In a late-night tweetstorm, Randa Jarrar taunted the chorus of people demanding that she be fired from her tenured position at California State University at Fresno after she called the recently deceased Barbara Bush “an amazing racist” and exulted, “I’m happy the witch is dead.”  School officials said they were reviewing the tenured professor’s position, and Castro rebuked Jarrar, saying her remarks left him “shocked, upset, appalled just like everybody else.”  On Tuesday, Castro announced what the university would do about Jarrar’s words: Nothing.

April 25, 2018

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CBS19 News, Charlottesville, VA

Bill to Improve College Data Collection for Students

Bill to Improve College Data Collection for Students

April 25, 2018

Legislation has been introduced in the U.S. Senate to modernize the data colleges provide to students and families to help them have clear information about student outcomes when picking a higher education institution.  Senator Tim Kaine (D-VA) is one of the co-sponsors of the College Transparency Act that would increase reporting on student outcomes like enrollment, completion and post-college success.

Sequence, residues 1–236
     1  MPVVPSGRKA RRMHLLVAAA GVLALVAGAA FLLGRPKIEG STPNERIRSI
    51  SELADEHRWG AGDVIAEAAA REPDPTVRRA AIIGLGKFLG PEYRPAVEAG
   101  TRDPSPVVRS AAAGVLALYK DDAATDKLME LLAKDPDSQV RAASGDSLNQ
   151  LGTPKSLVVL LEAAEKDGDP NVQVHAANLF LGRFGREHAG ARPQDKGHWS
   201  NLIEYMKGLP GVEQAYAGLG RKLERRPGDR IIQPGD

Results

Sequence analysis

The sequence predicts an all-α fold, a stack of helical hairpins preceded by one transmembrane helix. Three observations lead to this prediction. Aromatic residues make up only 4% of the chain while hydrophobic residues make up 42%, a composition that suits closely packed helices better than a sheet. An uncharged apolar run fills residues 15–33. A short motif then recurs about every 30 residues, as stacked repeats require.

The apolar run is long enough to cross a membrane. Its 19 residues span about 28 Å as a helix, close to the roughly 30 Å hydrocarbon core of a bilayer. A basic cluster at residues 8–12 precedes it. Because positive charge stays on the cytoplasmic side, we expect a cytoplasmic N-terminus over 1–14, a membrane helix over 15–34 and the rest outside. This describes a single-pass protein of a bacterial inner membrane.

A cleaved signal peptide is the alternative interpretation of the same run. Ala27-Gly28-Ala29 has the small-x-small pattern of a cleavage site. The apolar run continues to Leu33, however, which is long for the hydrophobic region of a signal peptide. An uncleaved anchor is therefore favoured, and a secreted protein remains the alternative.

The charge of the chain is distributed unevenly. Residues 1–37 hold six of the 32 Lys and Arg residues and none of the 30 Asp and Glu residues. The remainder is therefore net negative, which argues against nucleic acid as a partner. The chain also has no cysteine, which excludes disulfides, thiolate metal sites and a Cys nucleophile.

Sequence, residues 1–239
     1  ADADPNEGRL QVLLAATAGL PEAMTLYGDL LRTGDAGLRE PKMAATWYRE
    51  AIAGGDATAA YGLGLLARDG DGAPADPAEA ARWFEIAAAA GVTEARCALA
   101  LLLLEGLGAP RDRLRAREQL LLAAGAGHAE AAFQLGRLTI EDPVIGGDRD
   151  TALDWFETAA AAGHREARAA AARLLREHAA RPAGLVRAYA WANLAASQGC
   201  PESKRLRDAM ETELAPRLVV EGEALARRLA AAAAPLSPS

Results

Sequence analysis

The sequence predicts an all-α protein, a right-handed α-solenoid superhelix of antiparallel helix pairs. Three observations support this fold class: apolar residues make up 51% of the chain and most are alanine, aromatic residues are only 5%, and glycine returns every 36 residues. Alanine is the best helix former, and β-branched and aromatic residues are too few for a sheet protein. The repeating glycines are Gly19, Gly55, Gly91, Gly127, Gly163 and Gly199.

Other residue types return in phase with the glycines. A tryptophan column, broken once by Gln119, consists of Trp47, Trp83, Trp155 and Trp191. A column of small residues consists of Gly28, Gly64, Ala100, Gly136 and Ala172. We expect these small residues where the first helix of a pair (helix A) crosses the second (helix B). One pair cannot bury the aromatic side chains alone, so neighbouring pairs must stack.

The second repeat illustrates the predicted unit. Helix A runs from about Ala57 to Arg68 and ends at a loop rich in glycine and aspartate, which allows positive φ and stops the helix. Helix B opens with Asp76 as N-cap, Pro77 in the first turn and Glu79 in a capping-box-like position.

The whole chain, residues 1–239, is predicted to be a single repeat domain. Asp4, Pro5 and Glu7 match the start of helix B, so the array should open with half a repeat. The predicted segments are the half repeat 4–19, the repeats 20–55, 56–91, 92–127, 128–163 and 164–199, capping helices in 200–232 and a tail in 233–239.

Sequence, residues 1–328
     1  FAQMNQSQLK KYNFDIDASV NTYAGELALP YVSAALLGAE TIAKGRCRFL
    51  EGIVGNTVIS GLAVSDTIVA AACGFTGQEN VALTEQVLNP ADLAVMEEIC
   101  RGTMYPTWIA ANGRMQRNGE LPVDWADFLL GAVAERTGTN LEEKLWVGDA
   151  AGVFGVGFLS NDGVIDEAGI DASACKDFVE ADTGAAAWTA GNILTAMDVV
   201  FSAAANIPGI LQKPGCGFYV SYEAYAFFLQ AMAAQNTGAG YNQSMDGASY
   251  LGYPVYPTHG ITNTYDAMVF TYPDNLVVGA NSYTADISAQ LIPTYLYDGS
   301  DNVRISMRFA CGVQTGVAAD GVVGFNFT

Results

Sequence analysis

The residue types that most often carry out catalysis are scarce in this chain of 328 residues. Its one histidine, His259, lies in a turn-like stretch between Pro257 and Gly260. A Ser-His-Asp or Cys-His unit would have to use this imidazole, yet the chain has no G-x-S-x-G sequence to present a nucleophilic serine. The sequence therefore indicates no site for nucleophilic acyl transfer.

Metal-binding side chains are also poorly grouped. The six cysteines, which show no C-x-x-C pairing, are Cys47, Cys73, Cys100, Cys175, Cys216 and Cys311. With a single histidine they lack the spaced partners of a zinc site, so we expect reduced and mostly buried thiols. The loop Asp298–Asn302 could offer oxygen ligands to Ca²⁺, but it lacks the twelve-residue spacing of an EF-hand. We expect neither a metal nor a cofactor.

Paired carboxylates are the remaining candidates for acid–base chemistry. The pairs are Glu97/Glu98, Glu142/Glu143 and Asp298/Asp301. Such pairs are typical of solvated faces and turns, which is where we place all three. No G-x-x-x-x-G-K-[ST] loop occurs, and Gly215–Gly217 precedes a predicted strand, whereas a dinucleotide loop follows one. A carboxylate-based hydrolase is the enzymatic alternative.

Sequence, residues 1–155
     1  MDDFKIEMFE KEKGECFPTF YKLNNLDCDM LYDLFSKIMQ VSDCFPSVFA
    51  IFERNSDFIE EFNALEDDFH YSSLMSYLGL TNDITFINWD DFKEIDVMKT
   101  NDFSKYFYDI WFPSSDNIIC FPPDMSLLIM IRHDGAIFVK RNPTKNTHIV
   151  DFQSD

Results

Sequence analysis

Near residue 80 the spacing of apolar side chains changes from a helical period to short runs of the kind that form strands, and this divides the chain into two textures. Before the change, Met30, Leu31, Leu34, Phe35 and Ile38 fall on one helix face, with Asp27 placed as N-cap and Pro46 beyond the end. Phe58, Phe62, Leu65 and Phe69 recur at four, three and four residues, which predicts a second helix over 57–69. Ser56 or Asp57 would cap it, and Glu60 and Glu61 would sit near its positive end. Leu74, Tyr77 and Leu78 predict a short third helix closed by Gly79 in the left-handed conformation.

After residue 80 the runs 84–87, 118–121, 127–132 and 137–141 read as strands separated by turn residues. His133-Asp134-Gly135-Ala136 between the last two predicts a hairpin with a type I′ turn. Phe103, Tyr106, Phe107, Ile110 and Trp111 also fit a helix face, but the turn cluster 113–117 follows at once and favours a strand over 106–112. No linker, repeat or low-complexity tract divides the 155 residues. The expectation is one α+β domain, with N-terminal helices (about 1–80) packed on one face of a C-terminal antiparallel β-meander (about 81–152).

Legislation has been introduced in the U.S. Senate to modernize the data colleges provide to students and families to help them have clear information about student outcomes when picking a higher education institution.  Senator Tim Kaine (D-VA) is one of the co-sponsors of the College Transparency Act that would increase reporting on student outcomes like enrollment, completion and post-college success.

April 25, 2018